Dealing With Possible Employee Layoffs During a Recession

The word “recession” has been tossed around a lot lately. Whether or not the country is in a true recession is a point of disagreement among experts.

No matter your views on whether or not we are in a recession, one thing is certain: the economy is struggling, and for some small businesses, that has meant having to let employees go.

Never Easy

The decision to lay off employees is never easy, and should not be taken lightly. Remember that there are many ripple effects to letting someone go.

Yes, you will save on the cost of that employee’s payroll, but who is going to do the work of that employee?

Morale

Some small business owners plan to take on the tasks themselves, but many others farm out the work to the remaining employees.

Depending on the amount of work and the number of employees, this may be acceptable.

Sometimes, however, the remaining employees are asked to take on a workload that is too large.

This not only is bad for morale, but it will also hinder the quality of work.

Is it the Only Option?

Some small business owners have asked their employees to take an across the board pay cut rather than laying off an employee.

When faced with the choice between the two, most employees would rather lose a small percentage of their salaries than be out of work.

Let employees know that once the crisis is over, you will bring their salaries back to their current amounts.

Unnecessary Losses

Sometimes, in the middle of hard financial times, it is easy to forget some things.

One thing that might slip your mind is how difficult it can be to find good employees.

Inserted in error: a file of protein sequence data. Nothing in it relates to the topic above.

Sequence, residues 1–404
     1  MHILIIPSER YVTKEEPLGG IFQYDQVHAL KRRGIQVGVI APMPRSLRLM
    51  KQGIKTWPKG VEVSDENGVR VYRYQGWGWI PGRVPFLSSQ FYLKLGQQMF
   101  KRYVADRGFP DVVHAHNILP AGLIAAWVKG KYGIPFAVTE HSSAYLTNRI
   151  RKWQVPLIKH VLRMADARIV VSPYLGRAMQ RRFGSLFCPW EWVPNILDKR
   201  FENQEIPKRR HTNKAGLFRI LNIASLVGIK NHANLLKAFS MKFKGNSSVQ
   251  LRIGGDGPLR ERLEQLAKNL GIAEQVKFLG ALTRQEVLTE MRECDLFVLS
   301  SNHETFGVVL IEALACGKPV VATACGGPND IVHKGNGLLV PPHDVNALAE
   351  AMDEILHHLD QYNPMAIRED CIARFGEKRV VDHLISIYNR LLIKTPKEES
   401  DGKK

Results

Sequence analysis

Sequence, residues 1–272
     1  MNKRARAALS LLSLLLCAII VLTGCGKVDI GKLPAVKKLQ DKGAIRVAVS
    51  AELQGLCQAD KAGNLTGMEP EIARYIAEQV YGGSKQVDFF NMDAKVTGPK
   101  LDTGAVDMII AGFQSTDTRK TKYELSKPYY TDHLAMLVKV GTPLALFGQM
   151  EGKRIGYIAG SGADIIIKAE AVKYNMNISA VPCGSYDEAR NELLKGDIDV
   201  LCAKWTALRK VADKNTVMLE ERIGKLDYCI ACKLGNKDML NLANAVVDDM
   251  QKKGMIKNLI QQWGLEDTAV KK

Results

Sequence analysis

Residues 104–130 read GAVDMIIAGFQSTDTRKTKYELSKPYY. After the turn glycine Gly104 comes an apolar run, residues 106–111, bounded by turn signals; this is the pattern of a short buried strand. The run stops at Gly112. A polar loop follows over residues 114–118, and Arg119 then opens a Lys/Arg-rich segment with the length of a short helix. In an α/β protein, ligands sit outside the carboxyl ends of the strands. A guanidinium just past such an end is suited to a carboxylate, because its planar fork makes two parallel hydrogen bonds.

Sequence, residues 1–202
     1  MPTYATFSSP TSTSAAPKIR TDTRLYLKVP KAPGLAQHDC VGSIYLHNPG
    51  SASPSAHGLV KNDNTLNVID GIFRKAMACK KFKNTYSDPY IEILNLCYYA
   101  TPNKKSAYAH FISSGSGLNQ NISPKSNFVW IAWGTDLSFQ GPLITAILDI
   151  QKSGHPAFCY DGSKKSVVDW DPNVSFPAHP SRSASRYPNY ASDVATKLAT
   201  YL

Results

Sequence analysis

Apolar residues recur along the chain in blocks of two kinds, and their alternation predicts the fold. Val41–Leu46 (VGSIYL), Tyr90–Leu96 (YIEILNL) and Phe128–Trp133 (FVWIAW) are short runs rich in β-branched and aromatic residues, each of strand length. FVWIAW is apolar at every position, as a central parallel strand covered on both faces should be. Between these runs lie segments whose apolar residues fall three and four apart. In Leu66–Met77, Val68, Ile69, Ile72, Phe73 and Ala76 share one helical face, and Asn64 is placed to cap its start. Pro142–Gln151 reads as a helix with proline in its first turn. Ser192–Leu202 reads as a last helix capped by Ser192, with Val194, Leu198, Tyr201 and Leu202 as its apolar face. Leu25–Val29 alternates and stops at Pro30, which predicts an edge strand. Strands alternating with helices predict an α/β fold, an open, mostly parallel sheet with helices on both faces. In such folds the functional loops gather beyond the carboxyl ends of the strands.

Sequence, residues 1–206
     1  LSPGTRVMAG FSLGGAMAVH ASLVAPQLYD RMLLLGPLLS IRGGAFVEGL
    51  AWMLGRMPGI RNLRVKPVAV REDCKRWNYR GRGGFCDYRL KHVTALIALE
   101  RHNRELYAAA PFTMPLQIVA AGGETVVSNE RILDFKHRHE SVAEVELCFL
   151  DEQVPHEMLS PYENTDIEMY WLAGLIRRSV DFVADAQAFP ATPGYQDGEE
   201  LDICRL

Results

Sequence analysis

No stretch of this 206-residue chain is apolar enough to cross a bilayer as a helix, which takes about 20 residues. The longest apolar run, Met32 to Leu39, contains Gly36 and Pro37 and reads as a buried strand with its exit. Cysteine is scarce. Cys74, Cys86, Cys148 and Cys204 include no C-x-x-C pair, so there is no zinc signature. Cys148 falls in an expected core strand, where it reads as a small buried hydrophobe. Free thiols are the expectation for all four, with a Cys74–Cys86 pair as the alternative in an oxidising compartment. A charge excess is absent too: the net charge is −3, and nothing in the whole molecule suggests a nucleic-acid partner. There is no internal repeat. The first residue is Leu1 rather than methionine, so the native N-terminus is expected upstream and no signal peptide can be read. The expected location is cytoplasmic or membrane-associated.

Do you really want to lose the employee that you are letting go? If not, then think long and hard before laying off employees.

Only do so when all other cost saving options have been exhausted.

Other Options

If you are looking for ways to save money so you won’t have to deal with employee layoffs, try making cuts in areas that do not directly contribute to your bottom line. Office supplies and furniture, travel expenses, and even downsizing your office space are all options to consider.

If You Must

If all other options have failed, and you must go ahead with an employee layoff, there are some steps you should include in the process.

First, be sure you adequately document the need for the employee layoffs. This will help you should a former employee bring any type of wrongful termination suit against your business.

Second, you will have to determine who will be let go. Use objective and measurable reasons for making the decision such as sales, and past performance reviews. Some business owners also take seniority into account.

Third, decide what benefits you will provide to your laid-off workers.

When giving employees the bad news, have someone else in the room, such as the human resources manager, whenever possible.

Telling the Remaining Employees

Some business owners make the mistake of not telling the remaining employees what is going on.

This is a mistake as it means their only source of information will be the rumor mill. You want the information to come from you because employee layoffs are not easy for anyone involved.

However, if they are necessary, then be sure to handle them in the most efficient manner possible so that you can get back to turning your business into a success.

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